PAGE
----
According to Haaland, “they litter the countryside with rusted and dangerous equipment, creating both a risk to human safety and a menace to the local animals.” “Many of these wells have been abandoned in backyards and other recreation places, as well as in community spaces and schools in the surrounding neighbourhood.”
Ed and Mary Vojtas, the homeowners, watched what was going on in their backyard. Later in this month, the well that is located behind their home will be capped thanks to funding provided by the Infrastructure Law. Check more in the post.
State going to fill the well
Mary Vojtas, who stated that she would frequently get requests from passersby to take the rusting metal tank and pipes beside her house for scrap metal, said that she is delighted that it is gone. “I’m happy that it’s leaving,” she added. She never bowed to pressure. When she learned that the state was going to fill the well, it brought a sense of relief to her.
“I said, Thank you, God. Since I believe in God, I prayed constantly that we would be able to get rid of it. In addition to being an eyesore, the wells have the potential to pollute groundwater and produce methane, a greenhouse gas that is 72 times more effective than carbon dioxide at storing heat over a period of 20 years.
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2 million abandoned wells
After sources like as agriculture, oil and gas drilling, and landfills, the Environmental Protection Agency (EPA) estimates that the nation’s 2 million abandoned wells are the 10th largest source of methane emissions. The state of Pennsylvania tops the country with more than 20,000 defunct wells.
At the occasion, Rich Negrin, who is acting as the secretary of the Pennsylvania Department of Environmental Protection, stated that the state of Pennsylvania is in desperate need of the money that will be received as part of the infrastructure package.
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More than 27,000 wells without owner
We are aware that there are 27,000 wells in Pennsylvania that are either unknown or have no known owners. Those are the ones about which we have information. And we are well aware that this is really the tip of the iceberg,” Negrin stated.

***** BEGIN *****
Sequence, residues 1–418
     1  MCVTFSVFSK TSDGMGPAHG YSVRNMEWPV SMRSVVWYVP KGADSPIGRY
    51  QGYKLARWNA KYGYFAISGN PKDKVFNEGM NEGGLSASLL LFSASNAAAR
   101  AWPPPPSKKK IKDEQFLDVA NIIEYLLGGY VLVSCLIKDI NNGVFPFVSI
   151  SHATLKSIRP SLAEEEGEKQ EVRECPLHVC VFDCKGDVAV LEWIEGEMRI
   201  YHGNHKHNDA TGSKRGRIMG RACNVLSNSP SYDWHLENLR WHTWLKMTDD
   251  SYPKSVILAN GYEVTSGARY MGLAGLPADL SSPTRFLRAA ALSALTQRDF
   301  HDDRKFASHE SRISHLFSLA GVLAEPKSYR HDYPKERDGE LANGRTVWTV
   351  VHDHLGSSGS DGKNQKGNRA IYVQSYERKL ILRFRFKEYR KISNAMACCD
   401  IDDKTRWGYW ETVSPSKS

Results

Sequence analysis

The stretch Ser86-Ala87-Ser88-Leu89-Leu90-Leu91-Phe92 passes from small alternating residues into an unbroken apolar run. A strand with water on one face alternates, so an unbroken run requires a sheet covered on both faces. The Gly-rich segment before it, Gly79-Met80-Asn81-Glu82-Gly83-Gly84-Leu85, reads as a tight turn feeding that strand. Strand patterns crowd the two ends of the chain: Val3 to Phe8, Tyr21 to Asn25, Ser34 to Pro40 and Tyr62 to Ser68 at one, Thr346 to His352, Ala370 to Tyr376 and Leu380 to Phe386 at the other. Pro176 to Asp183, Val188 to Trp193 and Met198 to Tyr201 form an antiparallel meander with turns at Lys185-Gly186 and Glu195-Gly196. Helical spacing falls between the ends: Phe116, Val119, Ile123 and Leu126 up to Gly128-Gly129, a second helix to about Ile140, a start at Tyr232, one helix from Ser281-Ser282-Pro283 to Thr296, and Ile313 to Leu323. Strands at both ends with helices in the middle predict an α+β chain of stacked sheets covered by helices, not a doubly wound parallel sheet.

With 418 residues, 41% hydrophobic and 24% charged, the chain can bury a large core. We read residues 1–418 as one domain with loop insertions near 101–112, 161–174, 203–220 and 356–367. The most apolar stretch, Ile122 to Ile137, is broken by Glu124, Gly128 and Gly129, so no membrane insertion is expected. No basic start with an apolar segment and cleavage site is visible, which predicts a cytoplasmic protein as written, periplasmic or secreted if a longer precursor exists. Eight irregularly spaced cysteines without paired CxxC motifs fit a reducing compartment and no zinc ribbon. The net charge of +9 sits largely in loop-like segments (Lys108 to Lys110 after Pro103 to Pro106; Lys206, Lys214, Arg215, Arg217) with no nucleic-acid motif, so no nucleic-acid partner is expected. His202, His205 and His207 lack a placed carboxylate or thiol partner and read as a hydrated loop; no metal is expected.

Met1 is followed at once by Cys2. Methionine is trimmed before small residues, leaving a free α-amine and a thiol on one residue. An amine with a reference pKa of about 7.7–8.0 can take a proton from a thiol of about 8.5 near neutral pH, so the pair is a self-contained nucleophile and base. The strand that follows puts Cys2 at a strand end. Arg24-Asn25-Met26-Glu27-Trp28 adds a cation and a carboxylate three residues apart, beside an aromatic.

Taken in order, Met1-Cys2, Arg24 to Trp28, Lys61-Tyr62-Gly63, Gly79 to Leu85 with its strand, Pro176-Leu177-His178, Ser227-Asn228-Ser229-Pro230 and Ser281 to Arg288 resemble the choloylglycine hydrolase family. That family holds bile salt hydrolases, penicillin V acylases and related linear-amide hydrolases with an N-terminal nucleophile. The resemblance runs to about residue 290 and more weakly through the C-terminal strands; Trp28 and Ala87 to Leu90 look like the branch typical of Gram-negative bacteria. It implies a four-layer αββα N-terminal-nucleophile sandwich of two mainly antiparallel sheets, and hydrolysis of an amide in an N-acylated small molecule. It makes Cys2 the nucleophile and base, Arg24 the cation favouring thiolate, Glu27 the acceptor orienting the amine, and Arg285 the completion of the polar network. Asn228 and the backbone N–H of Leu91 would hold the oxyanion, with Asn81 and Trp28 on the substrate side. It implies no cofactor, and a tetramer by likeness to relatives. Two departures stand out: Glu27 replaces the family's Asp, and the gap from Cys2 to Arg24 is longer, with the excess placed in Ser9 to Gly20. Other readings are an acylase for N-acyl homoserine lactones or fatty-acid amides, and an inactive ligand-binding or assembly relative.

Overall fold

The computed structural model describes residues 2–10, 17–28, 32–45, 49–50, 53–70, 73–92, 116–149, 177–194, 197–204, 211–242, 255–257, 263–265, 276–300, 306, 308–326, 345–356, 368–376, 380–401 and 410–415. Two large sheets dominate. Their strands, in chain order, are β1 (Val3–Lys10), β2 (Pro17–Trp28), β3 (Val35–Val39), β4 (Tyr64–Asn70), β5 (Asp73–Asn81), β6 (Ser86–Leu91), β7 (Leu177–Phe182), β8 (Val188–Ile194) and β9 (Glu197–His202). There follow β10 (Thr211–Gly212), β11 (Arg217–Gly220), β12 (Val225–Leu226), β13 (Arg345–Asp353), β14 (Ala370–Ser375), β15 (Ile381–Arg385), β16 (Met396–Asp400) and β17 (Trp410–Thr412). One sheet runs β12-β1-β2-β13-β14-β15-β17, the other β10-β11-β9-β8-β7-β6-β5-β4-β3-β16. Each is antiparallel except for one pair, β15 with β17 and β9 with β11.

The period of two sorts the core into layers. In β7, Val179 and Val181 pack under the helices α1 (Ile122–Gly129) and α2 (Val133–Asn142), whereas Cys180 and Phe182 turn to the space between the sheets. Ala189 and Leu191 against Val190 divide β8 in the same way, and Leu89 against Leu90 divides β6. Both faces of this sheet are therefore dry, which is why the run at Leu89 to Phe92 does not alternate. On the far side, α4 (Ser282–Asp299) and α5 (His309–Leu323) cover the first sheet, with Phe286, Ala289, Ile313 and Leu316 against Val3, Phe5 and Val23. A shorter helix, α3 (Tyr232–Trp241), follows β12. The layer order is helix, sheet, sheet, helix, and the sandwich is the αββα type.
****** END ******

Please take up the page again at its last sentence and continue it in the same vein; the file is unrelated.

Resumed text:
There are a variety of different estimates regarding the exact number of abandoned wells in the state, which boasts the distinction of being the location of the world’s first commercial oil well, which was drilled in 1859. According to the DEP, there are perhaps 200,000 wells in Pennsylvania that have not been accounted for.
$23 Million allotted
According to Negrin, the agency is utilising the initial allotment of $23 million from the law that was given to the state in order to plug 235 wells this year. During the past eight years, on average, roughly 18 wells have been drilled each year. Negrin acknowledged that despite this accomplishment, businesses in Pennsylvania still have the option of closing down their existing wells.
According to a report compiled by the DEP, the state has issued more than 3,000 fines to businesses over the course of the previous five years for abandoning wells. Former Governor Tom Wolf requested the review because he was opposed to a bill that would have allowed federal money to be used for well filling, but he allowed the bill to pass into law without signing it. The investigation uncovered what the state refers as as
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The genuine cause for concern
By increasing the minimum amount of bonding that is required of oil and gas firms in order to drill new wells, the measure was successful in thwarting an effort to make it more difficult for businesses to abandon wells. The current bond, which is money that companies are required to set aside for cleaning up their wells once they are no longer productive, is $2,500 for a shallow conventional well and $10,000 for a “unconventional” Marcellus shale well.
This difference is because shallow conventional wells are easier to clean up than unconventional Marcellus shale wells. According to the DEP, the amount of money necessary to actually seal off a well is $68,000. According to Negrin, that is not a scenario that can be maintained. Sealing off difficult-to-reach wells can cost as much as $100,000 or more, however the exact amount will vary depending on how accessible the well is.
Negrin characterised it as “a genuine cause for concern.” “The total quantity of that bonding actually needs to reflect the reality of the practical impacts of where those wells are located,” said the expert. “There are a lot of wells. It is imperative that we contact them.”